HIV Positive Status to Potentially Factor into Sexual Assault Sentencing

Written on Behalf of Affleck & Barrison LLP

Crown prosecutors in Saskatchewan recently clarified that an HIV positive man facing charges for choking a woman unconscious and then sexually assaulting her will not be charged with aggravated sexual assault. However, the Crown has argued that the man’s HIV status and the victim’s subsequent fear of having potentially contracted the virus should be considered during sentencing.

What Happened?

The sexual assault occurred in May 2015. The victim was on her way home after socializing with friends at a pub. She was accompanied by a friend until she was about half block from her apartment. As she cut through a back alley, she was approached by the man in question, who rode his bike alongside her, started making inappropriate comments, and touching her. The man eventually tackled her, choked her unconscious, and forcibly penetrated her before she eventually escaped.

After the man was arrested, the victim learned that he was HIV-positive. She was treated with potent post-exposure antiretroviral drugs and experienced six months of anxiety while she awaited her test results (which were negative).

Aggravated Sexual Assault

The Crown initially charged the man with aggravated sexual assault due to his HIV-positive status. Originally, the risk of transmission to the victim was considered the aggravating factor in the assault, however, the Crown reconsidered its original charge after evidence from an infectious disease specialist revealed that the man had regularly been taking antiretroviral drugs which suppressed his virus to a low enough level that transmission was “nearly impossible”. The man’s HIV-positive status, therefore, did not endanger the woman’s life.

He was still convicted of aggravated sexual assault, but it was because he choked the victim, not because of his HIV-positive status.

Prosecutors asked for a minimum sentence of 12 years, arguing that the victim’s fear of contracting HIV had been real, even if the actual risk of doing so was not. They noted that:

However low the risk is, the anxiety for the victim when she found out that this individual was in fact HIV-positive, is an aggravating factor.

HIV Prosecutions in Canada

As we previously blogged about, the majority of HIV-related prosecutions in Canada involve consensual sexual relationships which eventually led to prosecution because an HIV-infected partner did not disclose his or her status.

In 2012, the Supreme Court of Canada clarified that individuals with low-level HIV who use condoms when they engage in sexual relations, cannot be charged with aggravated sexual assault for non-disclosure of their status.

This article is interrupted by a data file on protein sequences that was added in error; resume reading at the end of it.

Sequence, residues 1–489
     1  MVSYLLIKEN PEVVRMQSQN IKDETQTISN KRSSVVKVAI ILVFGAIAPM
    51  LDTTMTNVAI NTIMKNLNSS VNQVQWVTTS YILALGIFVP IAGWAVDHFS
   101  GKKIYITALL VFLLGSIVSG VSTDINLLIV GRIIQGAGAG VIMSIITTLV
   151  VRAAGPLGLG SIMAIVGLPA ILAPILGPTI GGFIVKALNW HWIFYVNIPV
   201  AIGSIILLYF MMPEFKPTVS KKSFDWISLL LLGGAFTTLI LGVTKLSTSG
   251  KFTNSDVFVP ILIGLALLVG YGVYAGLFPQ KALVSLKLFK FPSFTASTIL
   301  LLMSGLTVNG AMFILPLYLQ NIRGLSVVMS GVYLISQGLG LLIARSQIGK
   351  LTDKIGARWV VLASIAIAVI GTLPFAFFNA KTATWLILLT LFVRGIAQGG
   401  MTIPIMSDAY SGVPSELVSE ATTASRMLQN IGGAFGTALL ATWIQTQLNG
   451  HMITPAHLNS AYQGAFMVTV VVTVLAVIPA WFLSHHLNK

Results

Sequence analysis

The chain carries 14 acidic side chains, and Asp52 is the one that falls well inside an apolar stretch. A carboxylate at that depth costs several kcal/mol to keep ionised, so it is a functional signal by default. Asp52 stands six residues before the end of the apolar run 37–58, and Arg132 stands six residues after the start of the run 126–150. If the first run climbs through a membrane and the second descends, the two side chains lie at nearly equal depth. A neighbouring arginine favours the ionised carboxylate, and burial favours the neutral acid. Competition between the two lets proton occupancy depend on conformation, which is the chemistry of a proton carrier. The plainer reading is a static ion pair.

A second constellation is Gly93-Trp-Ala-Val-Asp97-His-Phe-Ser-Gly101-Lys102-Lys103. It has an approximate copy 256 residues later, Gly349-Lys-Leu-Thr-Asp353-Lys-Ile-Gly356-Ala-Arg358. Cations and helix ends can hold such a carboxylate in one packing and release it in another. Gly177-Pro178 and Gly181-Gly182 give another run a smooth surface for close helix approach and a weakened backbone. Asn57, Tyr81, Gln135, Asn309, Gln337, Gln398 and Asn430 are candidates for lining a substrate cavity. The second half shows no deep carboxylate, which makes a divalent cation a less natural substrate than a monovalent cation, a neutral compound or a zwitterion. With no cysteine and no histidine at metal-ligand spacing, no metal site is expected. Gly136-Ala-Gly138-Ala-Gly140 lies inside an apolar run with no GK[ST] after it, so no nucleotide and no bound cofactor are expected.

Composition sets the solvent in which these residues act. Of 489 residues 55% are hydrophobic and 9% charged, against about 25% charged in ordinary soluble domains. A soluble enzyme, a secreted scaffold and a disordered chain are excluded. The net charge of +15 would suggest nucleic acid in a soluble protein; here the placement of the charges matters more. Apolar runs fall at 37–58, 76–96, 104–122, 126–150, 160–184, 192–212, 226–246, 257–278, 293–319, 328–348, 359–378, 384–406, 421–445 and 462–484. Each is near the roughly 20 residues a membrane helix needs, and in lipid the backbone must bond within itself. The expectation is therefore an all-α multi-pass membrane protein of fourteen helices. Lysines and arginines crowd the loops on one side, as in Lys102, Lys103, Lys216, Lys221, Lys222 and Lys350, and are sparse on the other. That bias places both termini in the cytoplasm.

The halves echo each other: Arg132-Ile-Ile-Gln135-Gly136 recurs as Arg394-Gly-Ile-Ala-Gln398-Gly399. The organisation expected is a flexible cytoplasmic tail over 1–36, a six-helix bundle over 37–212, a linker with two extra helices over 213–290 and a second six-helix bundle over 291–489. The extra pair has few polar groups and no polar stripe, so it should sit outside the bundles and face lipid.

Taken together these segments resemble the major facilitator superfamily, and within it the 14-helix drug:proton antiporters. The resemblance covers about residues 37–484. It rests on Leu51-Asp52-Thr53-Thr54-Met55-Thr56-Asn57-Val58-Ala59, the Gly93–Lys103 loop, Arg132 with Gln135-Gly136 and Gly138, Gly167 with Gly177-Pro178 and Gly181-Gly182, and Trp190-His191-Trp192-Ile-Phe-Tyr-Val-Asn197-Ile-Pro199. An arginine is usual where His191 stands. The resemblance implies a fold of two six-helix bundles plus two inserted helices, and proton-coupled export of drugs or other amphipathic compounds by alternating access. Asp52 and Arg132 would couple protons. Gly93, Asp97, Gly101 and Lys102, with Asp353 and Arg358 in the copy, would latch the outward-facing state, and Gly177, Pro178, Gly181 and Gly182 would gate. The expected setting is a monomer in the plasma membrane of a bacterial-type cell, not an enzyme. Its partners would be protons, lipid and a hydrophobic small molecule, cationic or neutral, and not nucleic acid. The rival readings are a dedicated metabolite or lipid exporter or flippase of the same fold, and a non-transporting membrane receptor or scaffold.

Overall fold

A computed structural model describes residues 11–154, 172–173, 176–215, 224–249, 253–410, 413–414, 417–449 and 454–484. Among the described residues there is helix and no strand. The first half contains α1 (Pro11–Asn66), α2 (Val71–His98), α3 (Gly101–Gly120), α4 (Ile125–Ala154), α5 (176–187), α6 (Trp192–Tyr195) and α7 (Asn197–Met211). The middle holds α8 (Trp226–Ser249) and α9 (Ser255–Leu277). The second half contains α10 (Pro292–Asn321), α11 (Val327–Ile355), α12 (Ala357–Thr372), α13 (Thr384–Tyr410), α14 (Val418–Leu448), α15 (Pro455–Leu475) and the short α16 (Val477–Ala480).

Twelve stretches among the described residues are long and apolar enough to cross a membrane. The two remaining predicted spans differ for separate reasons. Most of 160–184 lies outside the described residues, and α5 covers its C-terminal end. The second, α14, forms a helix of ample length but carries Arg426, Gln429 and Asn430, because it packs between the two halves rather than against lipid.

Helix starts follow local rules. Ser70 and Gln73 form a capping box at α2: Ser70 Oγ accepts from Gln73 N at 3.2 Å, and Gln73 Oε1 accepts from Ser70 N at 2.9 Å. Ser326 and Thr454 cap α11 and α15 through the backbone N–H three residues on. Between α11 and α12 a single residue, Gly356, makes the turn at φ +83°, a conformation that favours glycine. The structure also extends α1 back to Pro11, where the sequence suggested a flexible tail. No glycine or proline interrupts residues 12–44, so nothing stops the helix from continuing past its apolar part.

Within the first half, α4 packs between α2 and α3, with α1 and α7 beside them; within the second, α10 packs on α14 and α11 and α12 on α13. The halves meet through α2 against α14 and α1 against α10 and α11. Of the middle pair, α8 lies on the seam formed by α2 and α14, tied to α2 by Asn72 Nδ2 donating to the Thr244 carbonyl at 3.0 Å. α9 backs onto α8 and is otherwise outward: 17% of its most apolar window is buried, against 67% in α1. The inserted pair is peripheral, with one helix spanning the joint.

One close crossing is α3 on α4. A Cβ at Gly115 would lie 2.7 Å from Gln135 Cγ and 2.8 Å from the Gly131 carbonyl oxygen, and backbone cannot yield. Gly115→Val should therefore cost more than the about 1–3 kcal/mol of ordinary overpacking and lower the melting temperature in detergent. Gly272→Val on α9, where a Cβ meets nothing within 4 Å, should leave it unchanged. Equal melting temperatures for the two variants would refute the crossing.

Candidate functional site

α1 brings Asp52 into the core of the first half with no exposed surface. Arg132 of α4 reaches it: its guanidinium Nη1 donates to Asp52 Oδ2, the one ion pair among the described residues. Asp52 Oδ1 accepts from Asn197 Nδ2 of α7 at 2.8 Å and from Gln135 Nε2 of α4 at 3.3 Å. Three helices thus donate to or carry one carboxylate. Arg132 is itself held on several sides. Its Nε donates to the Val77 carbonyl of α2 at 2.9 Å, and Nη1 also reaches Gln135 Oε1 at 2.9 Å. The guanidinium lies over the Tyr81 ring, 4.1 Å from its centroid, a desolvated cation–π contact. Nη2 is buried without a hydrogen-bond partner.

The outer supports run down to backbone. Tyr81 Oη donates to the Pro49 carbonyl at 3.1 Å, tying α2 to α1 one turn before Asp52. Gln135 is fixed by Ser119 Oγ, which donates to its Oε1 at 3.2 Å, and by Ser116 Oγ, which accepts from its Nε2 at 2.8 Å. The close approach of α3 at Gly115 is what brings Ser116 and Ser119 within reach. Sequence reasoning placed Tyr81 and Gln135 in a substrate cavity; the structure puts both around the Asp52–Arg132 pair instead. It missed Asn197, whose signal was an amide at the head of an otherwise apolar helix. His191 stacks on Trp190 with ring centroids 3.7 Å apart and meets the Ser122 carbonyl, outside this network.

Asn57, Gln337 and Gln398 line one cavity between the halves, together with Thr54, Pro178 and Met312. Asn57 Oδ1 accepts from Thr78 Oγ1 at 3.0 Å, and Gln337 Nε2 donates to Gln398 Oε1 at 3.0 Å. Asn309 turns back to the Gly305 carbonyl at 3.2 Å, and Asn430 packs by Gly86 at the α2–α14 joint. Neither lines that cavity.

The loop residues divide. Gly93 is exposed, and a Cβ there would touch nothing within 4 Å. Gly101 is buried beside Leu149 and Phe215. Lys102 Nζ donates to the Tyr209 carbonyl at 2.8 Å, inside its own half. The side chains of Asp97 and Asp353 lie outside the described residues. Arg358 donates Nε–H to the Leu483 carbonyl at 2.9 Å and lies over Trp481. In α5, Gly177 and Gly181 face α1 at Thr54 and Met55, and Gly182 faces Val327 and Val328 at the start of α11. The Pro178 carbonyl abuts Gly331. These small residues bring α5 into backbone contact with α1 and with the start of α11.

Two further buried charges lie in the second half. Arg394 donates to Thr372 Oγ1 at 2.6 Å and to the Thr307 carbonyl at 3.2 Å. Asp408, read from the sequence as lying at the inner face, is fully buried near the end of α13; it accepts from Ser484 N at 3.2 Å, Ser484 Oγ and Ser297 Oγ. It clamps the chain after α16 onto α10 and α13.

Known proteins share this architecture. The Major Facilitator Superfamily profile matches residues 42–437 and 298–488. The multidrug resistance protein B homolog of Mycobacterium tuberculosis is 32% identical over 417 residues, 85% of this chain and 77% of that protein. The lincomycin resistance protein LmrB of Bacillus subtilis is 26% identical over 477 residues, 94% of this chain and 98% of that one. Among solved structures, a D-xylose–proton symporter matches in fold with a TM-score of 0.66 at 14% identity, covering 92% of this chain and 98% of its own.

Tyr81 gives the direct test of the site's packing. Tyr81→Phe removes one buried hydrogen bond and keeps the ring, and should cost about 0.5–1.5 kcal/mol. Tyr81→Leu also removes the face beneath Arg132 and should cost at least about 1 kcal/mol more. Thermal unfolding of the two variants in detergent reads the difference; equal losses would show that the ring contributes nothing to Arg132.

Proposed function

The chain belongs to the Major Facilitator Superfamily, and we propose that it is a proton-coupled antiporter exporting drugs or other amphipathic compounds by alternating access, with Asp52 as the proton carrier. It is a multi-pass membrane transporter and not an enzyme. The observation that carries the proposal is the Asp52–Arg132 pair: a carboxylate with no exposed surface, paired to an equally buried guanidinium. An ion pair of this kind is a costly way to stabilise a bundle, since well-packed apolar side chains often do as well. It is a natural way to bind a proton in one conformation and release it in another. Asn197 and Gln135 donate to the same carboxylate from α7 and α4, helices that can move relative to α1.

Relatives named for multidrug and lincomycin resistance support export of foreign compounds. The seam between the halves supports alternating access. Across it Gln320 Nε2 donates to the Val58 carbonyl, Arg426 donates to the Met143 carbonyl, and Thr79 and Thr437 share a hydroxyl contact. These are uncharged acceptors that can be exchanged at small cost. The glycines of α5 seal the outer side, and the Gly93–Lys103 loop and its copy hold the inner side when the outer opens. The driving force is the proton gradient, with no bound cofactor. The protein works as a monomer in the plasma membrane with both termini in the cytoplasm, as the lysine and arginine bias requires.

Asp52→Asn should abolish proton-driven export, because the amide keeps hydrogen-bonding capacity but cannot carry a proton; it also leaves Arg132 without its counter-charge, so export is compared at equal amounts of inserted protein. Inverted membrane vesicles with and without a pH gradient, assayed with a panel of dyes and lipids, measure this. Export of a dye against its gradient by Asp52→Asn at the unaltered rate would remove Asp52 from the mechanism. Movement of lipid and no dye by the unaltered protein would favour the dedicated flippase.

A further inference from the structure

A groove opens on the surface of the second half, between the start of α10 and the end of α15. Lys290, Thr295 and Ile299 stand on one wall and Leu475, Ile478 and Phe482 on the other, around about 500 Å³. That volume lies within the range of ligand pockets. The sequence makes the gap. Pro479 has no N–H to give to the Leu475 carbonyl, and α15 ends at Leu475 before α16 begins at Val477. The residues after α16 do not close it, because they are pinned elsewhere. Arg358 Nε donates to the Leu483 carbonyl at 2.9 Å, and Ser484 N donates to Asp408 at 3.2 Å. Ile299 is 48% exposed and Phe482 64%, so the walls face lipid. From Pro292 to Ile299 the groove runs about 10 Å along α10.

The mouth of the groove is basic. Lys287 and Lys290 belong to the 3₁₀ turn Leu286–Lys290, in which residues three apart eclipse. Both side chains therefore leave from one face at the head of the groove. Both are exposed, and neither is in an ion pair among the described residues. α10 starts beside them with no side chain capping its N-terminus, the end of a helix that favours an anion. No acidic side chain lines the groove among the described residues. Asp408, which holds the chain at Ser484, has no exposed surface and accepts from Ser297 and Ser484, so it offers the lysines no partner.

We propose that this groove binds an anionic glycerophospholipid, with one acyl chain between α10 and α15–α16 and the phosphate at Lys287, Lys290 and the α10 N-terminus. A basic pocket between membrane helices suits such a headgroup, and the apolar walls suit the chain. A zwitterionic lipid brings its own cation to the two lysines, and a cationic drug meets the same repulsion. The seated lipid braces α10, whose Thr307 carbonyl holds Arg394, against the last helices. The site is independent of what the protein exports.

Since then, HIV activists have argued that the SCC’s criteria are too stringent and that medical advances in reducing transmission risk have progressed to the point that it is not necessary for individuals to have both a low viral load and to wear a condom. Experts have said that adding a condom to the situation “negligibly changes the risk” because the risk of transmission is already basically zero.

In this case, experts praised the fact that prosecutors recognized the reduced transmission risk, despite the lack of condom use, to determine that a charge of aggravated sexual assault was not justified.

Perception of Risk as Aggravating Factor

Both the Crown and defence lawyers recognized that, in this case, the victim’s fear of transmission could be considered an aggravating factor. However, the Defence is asking for a five-year sentence. Sentencing was delayed by three weeks in order to provide the Judge time to review a Gladue Report (a special pre-sentencing hearing into an Indigenous perpetrator’s background).

The provincial and federal governments are both currently reviewing the criminalization of HIV non-disclosure. We will continue to follow the developments and will provide updates as they become available.

In the meantime, if you have questions about your rights, contact one of the knowledgeable and well-respected Oshawa criminal lawyers at Affleck & Barrison LLP online or at 905-404-1947. Our lawyers have experience successfully defending charges of aggravated assault and sexual assault. We will take the time to understand the particular circumstances of your case and work to achieve the best possible result.